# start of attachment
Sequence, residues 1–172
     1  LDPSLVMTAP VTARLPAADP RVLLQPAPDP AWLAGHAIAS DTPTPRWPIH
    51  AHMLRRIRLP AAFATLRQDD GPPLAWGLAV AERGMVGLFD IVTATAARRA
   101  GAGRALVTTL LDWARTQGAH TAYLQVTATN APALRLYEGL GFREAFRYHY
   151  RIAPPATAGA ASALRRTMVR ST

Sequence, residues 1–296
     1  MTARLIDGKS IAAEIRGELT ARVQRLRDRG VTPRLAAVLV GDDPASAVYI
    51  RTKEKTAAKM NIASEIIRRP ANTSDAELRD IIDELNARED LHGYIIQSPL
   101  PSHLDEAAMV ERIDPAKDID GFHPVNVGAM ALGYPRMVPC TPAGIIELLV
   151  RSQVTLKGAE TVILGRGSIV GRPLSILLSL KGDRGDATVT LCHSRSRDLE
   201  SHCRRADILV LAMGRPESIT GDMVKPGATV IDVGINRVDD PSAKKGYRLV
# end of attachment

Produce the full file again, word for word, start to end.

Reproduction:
Sequence, residues 1–172
     1  LDPSLVMTAP VTARLPAADP RVLLQPAPDP AWLAGHAIAS DTPTPRWPIH
    51  AHMLRRIRLP AAFATLRQDD GPPLAWGLAV AERGMVGLFD IVTATAARRA
   101  GAGRALVTTL LDWARTQGAH TAYLQVTATN APALRLYEGL GFREAFRYHY
   151  RIAPPATAGA ASALRRTMVR ST

Sequence, residues 1–296
     1  MTARLIDGKS IAAEIRGELT ARVQRLRDRG VTPRLAAVLV GDDPASAVYI
    51  RTKEKTAAKM NIASEIIRRP ANTSDAELRD IIDELNARED LHGYIIQSPL
   101  PSHLDEAAMV ERIDPAKDID GFHPVNVGAM ALGYPRMVPC TPAGIIELLV
   151  RSQVTLKGAE TVILGRGSIV GRPLSILLSL KGDRGDATVT LCHSRSRDLE
   201  SHCRRADILV LAMGRPESIT GDMVKPGATV IDVGINRVDD PSAKKGYRLV